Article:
|March: Canada geese on ice|
Photo by J. Harrington
This morning it once again became obvious to me that I don't even know enough about phenology to ask the right questions or phrase questions correctly. I'm becoming more and more curious about what triggers certain phenology phenomena like bud burst or egg laying. Are these activities based on cumulative degree days, daylight hour increases, or other conditions. I know that Autumn waterfowl migrations are often triggered by freeze up, snow storms covering feeding fields and northern winds. A Google search on phenology triggers offered some insights but didn't seem terribly conclusive.
I suspect that our understanding of the complex interactions of the world we live in are too broad and too blunt to enable us to effectively understand it, let along manage parts of it. We seem, in many instances, to have a position of "post hoc, ergo propter hoc," [after this, therefore because of this] rather than a causitive insight. As I look at how we're mismanaging things we think we do understand (how's that D+ infrastructure working out for us?), I suspect it's just as well that nature is keeping much of her behavior as secrets and mysteries. Bearing in mind the Zen saying, I don't think the pupil is yet ready for the teacher to appear.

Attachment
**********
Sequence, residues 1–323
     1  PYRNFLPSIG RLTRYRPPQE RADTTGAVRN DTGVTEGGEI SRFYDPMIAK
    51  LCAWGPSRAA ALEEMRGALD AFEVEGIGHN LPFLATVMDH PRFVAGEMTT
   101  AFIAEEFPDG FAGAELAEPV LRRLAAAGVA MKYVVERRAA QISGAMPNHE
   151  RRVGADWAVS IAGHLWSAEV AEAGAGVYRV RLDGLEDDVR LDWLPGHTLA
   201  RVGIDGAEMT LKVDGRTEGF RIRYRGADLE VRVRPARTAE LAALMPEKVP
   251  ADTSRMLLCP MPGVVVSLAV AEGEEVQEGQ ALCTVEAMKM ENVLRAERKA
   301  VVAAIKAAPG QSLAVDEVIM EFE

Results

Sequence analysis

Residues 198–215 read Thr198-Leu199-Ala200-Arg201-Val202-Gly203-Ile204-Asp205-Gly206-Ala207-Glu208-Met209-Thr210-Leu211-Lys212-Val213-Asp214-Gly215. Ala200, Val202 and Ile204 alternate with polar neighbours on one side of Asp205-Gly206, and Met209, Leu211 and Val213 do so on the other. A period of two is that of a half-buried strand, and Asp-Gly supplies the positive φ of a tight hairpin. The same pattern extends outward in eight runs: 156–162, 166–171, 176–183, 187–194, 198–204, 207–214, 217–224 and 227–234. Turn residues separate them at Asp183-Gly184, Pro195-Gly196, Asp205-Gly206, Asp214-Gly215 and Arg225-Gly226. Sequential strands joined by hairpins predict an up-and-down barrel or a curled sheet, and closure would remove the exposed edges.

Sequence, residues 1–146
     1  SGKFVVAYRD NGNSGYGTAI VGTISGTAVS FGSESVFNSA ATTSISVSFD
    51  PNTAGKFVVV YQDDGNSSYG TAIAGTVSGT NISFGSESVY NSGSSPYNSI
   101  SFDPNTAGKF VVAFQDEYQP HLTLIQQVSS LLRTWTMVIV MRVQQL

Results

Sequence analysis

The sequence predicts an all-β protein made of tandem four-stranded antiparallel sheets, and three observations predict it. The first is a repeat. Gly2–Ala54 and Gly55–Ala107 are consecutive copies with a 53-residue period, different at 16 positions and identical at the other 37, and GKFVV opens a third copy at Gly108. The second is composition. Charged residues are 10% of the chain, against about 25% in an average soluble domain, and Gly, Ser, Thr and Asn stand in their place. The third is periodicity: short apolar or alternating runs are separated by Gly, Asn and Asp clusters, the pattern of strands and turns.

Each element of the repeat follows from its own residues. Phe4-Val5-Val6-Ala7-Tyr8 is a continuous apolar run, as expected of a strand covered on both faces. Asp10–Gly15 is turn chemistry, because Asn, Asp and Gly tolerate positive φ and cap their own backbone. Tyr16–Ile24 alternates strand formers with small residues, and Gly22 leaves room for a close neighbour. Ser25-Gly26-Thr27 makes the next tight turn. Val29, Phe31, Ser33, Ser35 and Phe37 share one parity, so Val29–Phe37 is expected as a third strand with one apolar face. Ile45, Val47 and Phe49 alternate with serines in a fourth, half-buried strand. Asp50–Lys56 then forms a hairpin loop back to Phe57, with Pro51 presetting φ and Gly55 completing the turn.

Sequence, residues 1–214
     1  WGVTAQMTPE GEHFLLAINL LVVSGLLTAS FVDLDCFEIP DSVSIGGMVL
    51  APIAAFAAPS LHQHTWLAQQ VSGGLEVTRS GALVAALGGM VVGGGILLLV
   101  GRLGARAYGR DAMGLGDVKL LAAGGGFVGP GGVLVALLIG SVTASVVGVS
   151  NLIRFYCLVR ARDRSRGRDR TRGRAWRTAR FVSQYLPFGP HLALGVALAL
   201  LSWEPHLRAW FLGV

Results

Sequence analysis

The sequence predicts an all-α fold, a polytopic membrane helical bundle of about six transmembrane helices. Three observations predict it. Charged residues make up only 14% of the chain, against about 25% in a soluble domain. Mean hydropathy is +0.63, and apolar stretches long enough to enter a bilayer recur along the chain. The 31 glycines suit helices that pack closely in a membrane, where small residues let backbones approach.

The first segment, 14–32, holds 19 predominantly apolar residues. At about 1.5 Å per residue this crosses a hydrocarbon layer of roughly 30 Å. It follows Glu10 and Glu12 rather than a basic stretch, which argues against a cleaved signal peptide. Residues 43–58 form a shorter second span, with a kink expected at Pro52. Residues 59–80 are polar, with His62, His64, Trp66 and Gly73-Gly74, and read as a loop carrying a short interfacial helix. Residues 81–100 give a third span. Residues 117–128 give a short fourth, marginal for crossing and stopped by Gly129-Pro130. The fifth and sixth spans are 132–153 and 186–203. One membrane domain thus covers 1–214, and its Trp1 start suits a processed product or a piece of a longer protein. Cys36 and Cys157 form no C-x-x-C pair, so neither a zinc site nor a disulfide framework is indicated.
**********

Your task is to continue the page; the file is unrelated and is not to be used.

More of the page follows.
Not to end today's posting on a down note (pun intentional), the local goldfinches are starting to show hints of brighter yellow. Not as much as we'll see a month from now, but a few shades brighter than Winter's drabness. I've no idea what triggers the color change but do know that the brighter colors trigger a burst of happiness in me.
To the Thawing Wind
Come with rain, O loud Southwester!
Bring the singer, bring the nester;
Give the buried flower a dream;
Make the settled snowbank steam;
Find the brown beneath the white;
But whate’er you do tonight,
Bathe my window, make it flow,
Melt it as the ice will go;
Melt the glass and leave the sticks
Like a hermit’s crucifix;
Burst into my narrow stall;
Swing the picture on the wall;
Run the rattling pages o’er;
Scatter poems on the floor;
Turn the poet out of door.
Thanks for visiting. Come again when you can.
Please be kind to each other while you can.